The state of the fisheries resources in the Nansha(Spratly Islands) area is even worse than that of the Beibu Gulf. Territorial and maritime boundary disputes in Nansha have long hindered international cooperation in the conservation and management of the marine environment and living resources. Obviously, the continuing degradation of the environmental resources is not in the interest of any party and there is a pressing need for the littoral states to cooperate in the conservation and management of the marine environment and resources. In this connection, the international experience of joint development and joint management of marine fisheries resources as mentioned above is worth borrowing.


The interantional legal obligation of the states concerned to cooperate in the conservation and management of the marine environment and resources including fisheries resources in disputed sea areas, particularly the enclosed or semi-enclosed seas has well been established in international law. Many states fulfill this legal obligation by cooperatively establishing JDZs or carrying out joint management of marine resources in disputed sea areas. In the past, JDZs and joint management were mainly for mineral resources, especially oil and gas. In recent years, they have been more and more expanded into the development and management of marine fisheries resources in disputed sea areas. Successful experience of JDZs and joint management can be used in theSouth China Sea./.

Author’s biography

Dr. WANG Hanling is Professor of international law and marine affairs; Director, Centre  for Ocean Affairs and the Law of the Sea, Institute for International Law, Chinese Academy of Social Sciences and currently a visiting research fellow at  the East Asian Institute, National University of Singapore.

 He is adjunct professor of China Ocean University, Shanghai Ocean University, and Xiamen University; research fellow of the Center for Ocean Development of China; and senior research fellow of International Center for Emergency Studies, Cape Breton University, Canada. 

 He earned the degree of Doctor of Law from Chinese Academy of Social Sciences, studied at World Maritime University in Sweden, and worked as a researcher at University of Lapland in Finland, postdoctoral fellow at Dalhousie University of Canada, and visiting research fellow at the Centre for International Law of National University of Singapore. He was the last student of the late Prof. Elisabeth Mann Borgese who was a renowned expert in oceans law and policy and recognized internationally as the “Mother of the Oceans”.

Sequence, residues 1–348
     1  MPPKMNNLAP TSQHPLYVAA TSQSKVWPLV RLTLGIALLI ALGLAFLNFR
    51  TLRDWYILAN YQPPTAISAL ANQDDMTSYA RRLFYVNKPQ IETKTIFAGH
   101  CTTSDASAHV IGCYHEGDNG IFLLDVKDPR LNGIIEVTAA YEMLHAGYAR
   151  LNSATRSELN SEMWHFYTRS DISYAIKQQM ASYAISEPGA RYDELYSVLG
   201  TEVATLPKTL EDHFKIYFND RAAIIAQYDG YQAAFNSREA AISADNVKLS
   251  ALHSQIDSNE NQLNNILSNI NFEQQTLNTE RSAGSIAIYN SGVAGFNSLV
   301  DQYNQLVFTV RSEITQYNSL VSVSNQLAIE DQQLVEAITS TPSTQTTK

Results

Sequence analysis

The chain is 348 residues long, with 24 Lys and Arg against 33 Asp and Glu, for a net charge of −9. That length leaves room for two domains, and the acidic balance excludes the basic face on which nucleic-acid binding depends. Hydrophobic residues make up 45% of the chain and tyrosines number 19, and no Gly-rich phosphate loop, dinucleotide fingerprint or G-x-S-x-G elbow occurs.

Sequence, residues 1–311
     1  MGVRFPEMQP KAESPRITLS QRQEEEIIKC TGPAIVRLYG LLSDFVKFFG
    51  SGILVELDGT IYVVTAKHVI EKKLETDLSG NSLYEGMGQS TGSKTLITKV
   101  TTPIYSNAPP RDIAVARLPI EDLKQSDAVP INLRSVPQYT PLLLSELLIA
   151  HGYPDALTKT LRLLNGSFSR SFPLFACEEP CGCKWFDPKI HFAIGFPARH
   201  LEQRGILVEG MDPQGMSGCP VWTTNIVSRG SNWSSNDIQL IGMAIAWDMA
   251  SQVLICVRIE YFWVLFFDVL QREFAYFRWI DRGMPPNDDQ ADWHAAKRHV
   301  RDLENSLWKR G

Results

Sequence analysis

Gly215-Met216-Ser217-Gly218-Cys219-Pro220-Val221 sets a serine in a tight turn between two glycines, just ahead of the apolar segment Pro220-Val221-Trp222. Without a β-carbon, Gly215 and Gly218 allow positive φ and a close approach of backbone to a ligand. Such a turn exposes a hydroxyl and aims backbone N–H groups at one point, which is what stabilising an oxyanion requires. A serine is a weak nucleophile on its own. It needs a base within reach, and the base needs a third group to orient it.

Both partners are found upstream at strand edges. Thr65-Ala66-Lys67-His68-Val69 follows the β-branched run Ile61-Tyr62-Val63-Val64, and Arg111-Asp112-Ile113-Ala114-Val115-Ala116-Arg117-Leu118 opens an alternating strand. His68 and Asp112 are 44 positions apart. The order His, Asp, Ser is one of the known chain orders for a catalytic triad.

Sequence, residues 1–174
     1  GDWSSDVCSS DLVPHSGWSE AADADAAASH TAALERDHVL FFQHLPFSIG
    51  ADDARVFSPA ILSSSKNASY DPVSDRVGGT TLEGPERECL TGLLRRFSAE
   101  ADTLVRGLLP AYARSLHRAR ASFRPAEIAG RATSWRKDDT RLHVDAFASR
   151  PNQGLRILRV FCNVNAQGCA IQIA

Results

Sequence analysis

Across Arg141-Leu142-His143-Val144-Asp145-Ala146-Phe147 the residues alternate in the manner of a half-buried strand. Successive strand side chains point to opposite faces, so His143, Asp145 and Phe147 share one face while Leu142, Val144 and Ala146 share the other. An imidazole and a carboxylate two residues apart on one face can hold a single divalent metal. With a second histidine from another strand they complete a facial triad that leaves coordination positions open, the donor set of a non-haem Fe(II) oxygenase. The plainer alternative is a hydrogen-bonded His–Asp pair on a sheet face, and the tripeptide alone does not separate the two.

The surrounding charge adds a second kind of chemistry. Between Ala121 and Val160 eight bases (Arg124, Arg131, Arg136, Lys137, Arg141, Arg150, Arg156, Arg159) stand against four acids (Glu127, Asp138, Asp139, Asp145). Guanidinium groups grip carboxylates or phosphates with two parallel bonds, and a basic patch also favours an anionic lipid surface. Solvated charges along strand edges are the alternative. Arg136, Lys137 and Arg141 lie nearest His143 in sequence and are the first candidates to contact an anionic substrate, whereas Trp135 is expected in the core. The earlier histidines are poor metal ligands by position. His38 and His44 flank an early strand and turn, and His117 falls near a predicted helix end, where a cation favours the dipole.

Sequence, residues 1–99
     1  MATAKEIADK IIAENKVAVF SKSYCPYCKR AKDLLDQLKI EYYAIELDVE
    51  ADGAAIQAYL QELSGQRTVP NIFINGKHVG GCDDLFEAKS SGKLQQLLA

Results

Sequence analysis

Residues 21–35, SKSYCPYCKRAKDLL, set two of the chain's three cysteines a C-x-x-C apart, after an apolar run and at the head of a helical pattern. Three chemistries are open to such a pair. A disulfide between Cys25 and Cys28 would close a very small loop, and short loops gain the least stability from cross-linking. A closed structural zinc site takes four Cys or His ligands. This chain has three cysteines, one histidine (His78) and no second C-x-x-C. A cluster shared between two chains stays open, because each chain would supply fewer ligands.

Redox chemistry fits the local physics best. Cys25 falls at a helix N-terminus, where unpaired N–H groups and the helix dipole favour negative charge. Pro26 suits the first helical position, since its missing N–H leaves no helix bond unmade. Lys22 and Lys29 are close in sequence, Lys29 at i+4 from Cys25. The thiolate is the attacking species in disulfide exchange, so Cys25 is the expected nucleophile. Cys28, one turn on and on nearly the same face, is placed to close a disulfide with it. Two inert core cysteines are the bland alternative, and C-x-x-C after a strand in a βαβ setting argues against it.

Dr. Wang has published widely in Chinese and English, and submitted numerous consultancy reports to the Chinese central government. He was nominated by China as an expert for Special Arbitration under Article 2, Annex VIII of the United Nations Convention on the Law of the Sea, and served as a consultant to the Division for Ocean Affairs and the Law of the Sea (DOALOS) of the Office for Legal Affairs of the United Nations. He was one of the international experts appointed by DOALOS to develop teaching materials for the UN training course on Ecosystem-based Management of the Oceans. He won the highest research award of the Chinese Academy of Social Sciences for his outstanding policy advice to the Chinese central government in 2007 and 2008.


[1]Article 122 provides,”For the purposes of this Convention, ‘enclosed or semi-enclosed  sea’ means a gulf, basin or sea surrounded by two or more States and connected to another sea or the ocean by a narrow outlet or consisting entirely or primarily of the territorial seas and exclusive economic zones of two or more coastal States.”

[2]Article 7.3.4. of the FAO Code of Conduct for Responsible Fisheries.

[3]Article 7.1.3 of the FAO Code of Conduct for Responsible Fisheries.

[4]Article 7.3.1 of the FAO Code of Conduct for Responsible Fisheries.

[5]Council for Security Cooperation in the Asia-Pacific, Memorandum 13, “GUIDELINES FOR MARITIME COOPERATION IN ENCLOSED AND SEMI-ENCLOSED SEAS AND SIMILAR SEA AREAS OF THE ASIA PACIFIC”,para 24, available at:

in%20Enclosed%20and%20Semi%20 Enclosed%20Seas.pdf

[6]J. Tanga Biang, “The Joint Development Zone Between Nigeria and Sao Tome and Principe: A Case of Provisional Arrangement in the Gulf of Guinea – International Law”, State Practice and Prospects for Regional Integration, 2010, at:

[7]Treaty between the Kingdoms of Norway and the Russian Federation concerning Maritime Delimitation and Cooperation in the Barents Sea and the Arctic Ocean, 15 September 2010, at:

Newer news items:
Older news items: